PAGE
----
Ms. Sandberg, of course, has power over much of Facebook’s business operations, advertising and also the critical communications and policy units. Perhaps it’s only fair that, as women rise to power, they pay the price for failure.

But what is more often true in tech is that men are seen as the key players, and women are just not seen as crucial to a company's success. That inequity has become a theme of a wide range of employment issues across Silicon Valley of late, including the phenomenon of “underleveling” — hiring women and people of color at a lower level than they deserve.

In a podcast I did this week with six of the organizers of the Google walkout to protest sexual harassment policies and pay inequity, one of them, Stephanie Parker, described her situation compared to similarly qualified men.

“I, as a black woman at Google, came in with an undergraduate and master’s degree from Stanford and three years’ worth of experience working in the tech industry, and they chose to put me into an entry-level six-month contract position in recruiting,” she said.

She said Google managers insist that the company isn’t diverse enough because of the “pipeline problem.” They say: “We need to go to more schools and teach them how to code. There’s something wrong with these students and something wrong with the pipeline.” But she argued there’s a bigger problem at Google that has nothing to do with the pipeline. “Black women have the highest attrition rate. They’re leaving Google at higher rates than any other group, all over the industry.”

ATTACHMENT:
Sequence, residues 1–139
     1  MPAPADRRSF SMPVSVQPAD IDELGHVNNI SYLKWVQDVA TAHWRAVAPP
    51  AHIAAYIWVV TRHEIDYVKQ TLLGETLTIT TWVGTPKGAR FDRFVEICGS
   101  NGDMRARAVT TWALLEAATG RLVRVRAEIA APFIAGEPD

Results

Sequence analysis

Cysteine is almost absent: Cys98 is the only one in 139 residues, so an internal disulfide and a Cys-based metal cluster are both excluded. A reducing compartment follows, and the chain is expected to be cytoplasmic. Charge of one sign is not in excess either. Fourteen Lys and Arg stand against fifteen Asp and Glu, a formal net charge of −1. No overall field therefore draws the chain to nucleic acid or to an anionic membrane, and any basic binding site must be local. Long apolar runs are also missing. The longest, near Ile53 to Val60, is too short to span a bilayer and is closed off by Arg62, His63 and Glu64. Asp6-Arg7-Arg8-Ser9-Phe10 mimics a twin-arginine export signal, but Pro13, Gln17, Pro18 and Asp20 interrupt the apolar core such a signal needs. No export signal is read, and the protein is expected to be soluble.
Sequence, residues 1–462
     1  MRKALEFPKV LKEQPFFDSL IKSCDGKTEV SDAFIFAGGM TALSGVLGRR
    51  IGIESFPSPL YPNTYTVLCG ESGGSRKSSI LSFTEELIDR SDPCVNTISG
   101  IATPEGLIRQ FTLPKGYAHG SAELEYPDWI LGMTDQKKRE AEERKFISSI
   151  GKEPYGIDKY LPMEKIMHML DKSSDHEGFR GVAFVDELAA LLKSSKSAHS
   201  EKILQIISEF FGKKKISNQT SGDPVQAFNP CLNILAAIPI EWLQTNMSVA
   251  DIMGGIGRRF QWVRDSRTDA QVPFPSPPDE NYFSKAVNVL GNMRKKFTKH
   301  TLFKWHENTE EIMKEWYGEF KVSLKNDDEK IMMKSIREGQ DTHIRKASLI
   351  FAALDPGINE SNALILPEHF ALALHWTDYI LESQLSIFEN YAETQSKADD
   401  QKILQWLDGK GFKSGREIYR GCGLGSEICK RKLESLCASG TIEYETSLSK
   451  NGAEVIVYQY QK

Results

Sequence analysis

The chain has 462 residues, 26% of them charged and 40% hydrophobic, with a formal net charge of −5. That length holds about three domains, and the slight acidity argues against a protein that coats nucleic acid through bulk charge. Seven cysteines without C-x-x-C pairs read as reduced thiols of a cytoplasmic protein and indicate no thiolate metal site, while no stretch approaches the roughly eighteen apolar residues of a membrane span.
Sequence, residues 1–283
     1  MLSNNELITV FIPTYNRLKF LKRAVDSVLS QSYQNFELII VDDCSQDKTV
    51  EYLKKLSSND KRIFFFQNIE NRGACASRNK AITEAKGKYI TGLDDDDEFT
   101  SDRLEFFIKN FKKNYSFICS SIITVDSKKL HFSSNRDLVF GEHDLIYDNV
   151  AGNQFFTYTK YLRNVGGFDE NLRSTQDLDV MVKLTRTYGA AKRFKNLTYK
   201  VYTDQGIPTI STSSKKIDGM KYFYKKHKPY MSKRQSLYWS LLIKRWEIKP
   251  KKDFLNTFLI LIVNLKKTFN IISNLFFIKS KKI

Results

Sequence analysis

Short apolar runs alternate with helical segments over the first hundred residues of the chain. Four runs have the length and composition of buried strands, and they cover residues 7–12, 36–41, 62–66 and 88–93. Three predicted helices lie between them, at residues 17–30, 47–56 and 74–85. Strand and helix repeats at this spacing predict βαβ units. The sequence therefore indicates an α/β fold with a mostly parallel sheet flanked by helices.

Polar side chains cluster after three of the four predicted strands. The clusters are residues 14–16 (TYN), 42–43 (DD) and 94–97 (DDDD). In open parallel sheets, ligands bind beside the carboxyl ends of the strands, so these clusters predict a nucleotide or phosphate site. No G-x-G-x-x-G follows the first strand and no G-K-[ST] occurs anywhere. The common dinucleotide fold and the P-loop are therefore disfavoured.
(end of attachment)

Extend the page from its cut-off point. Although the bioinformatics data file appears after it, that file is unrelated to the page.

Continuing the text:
She and the other organizers blamed this on opportunities that were not offered as readily, on tougher hurdles to leap over, on pay that was consistently lower and, most of all, on a system that forgave the men for their mistakes, and did not forgive the women.

That was underscored at Google by an astonishing $90 million payout to the top executive Andy Rubin when he left in a cloud of controversy.

Ms. Parker, who now works at YouTube, described succinctly the issue of who really paid the price for his sins. At the walkout, she said she asked the crowd: “Where do you think Google got that $90 million they used to pay out Andy Rubin? They got it from every time you worked late. Every promotion you didn’t get because they said there’s not enough budget, you have to wait. It’s from every contractor who came to work sick because they have no paid time off. These are conscious decisions that the company is making, and abusers are getting rich off of our hard work. It’s just not fair, and they completely know what they’re doing.”

They completely do. Ms. Sandberg is hardly blameless, but notice that she is the one facing the real firing line and not Mr. Zuckerberg. Which is to say, no matter his responsibility, he is unkillable, unfireable and untouchable and no amount of leaning in by Ms. Sandberg or any other woman in tech is going to change that.

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Kara Swisher, editor at large for the technology news website Recode and producer of the Recode Decode podcast and Code Conference, is a contributing opinion writer. @karaswisher Facebook